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How Soil Science Solved The Mathew Holding Case

For people who study soils, tracking down human remains isn’t usually part of their repertoire, but for one Adelaide professor, dirt led investigators straight to the scene of the crime.

In 2000, Mathew Holding disappeared. His father came home to an empty house, and Mathew’s mother, grandmother and the family car were missing as well.

Investigators soon found the missing vehicle broken down 150km away, on the Yorke Peninsula of South Australia. A shovel, bracelets and some glass were in the boot.

Hear the full story on Crime Insiders:

Mathew was found near the vehicle, and when police asked where his mother and grandmother were, he said they’d never find them.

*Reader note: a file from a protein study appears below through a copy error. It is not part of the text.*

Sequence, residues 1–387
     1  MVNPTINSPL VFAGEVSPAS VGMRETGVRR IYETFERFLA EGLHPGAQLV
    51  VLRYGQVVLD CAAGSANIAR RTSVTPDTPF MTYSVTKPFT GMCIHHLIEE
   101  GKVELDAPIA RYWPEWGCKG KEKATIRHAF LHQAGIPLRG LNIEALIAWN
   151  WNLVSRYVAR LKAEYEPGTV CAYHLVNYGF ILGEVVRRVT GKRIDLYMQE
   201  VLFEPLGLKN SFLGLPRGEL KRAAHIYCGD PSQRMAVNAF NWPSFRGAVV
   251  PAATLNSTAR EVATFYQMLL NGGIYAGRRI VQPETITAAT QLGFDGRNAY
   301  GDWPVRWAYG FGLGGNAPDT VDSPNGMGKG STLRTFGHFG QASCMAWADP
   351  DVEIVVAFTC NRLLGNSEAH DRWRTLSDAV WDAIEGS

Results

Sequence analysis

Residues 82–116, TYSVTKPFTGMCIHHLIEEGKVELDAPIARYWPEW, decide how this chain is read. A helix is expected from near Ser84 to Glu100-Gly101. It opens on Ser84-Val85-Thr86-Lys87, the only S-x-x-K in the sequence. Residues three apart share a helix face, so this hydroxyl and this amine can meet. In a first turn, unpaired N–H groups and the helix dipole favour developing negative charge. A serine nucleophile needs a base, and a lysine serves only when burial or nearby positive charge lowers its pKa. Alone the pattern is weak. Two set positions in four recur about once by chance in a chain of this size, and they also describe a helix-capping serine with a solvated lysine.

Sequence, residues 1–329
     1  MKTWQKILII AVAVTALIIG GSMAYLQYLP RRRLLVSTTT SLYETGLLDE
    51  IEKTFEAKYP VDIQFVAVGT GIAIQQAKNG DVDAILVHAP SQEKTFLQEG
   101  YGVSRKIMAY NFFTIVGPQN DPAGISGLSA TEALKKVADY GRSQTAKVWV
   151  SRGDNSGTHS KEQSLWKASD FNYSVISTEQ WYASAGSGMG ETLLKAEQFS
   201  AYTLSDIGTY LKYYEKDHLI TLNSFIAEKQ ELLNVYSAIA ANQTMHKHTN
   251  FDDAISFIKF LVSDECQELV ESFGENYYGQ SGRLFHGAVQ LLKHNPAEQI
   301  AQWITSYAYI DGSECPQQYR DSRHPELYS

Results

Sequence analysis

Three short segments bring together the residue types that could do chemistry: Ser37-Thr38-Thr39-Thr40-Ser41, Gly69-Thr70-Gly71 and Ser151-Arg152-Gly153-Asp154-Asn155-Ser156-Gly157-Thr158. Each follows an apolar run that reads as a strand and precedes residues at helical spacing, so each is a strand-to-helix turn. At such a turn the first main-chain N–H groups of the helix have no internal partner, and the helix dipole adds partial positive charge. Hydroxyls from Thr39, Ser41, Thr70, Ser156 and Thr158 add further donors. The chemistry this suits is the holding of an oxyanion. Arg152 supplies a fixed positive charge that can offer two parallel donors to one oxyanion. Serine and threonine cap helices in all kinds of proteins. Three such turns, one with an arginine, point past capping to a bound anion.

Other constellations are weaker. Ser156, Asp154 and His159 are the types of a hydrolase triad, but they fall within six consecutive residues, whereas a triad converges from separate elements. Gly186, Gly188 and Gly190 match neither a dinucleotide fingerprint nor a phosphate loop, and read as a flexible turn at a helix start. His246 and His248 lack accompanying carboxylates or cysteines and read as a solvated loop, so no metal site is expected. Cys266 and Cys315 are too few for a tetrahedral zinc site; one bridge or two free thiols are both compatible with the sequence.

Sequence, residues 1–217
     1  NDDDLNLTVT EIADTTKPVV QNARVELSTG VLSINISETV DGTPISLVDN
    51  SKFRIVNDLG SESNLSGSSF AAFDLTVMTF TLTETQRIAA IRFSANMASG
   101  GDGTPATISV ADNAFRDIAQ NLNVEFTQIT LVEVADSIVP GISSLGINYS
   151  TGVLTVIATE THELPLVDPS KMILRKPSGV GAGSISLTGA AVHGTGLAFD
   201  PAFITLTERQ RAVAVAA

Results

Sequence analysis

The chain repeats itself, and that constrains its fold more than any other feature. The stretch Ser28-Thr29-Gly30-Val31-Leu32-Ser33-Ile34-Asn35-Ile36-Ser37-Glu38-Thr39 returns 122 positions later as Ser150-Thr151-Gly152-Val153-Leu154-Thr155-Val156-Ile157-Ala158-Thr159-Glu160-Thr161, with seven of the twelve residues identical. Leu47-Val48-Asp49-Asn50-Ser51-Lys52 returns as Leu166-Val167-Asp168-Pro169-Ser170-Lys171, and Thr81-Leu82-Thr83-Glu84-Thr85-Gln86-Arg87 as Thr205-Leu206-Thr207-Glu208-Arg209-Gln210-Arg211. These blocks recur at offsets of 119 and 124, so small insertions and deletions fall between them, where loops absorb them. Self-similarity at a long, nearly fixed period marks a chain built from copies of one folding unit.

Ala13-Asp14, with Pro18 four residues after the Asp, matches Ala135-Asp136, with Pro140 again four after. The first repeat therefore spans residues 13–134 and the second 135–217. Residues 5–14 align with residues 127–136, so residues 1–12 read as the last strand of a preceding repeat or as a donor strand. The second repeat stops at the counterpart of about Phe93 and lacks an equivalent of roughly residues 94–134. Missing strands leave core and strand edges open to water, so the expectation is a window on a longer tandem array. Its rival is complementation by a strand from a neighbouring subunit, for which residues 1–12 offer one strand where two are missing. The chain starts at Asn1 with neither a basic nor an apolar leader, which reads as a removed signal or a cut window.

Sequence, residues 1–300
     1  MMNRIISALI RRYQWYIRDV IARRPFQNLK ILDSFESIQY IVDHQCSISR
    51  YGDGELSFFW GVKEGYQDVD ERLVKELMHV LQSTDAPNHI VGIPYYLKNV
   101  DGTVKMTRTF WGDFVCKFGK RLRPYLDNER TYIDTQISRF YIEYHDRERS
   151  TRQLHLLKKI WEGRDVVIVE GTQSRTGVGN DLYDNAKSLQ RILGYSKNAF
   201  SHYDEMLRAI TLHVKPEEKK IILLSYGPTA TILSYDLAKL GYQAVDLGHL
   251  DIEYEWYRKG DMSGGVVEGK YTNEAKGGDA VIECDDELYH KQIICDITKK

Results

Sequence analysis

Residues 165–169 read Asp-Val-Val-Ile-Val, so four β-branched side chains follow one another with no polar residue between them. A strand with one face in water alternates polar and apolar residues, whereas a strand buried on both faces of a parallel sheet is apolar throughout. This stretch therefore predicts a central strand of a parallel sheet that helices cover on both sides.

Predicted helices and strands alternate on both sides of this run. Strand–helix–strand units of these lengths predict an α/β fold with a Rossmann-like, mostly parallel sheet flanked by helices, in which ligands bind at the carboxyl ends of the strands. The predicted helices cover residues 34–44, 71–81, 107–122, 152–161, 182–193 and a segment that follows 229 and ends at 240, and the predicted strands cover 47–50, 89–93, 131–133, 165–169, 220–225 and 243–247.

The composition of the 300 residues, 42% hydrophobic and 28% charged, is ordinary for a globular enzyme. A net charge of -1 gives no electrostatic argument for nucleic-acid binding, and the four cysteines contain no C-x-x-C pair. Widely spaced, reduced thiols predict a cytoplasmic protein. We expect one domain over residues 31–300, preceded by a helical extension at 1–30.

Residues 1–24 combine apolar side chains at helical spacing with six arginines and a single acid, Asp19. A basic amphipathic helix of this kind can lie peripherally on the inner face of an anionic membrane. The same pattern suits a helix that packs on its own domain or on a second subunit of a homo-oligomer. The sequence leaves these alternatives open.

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Police spent several days searching the coastline with no signs, and that’s where Professor Rob Fitzpatrick came in.

Fitzpatrick looked at the shovel in the car and analysed a small sample of soil that was smeared on it.

“Very quickly I could see that, in fact, the soil, just based on looking and very simple testing, certainly did not come from the Yorke Peninsula,” he told Crime Insiders.

He said that based on the colour of the soil, it evidently came from a higher rainfall area, maybe even a quarry or mine.

Fitzpatrick explains what they found next in this episode of Crime Insiders: Forensics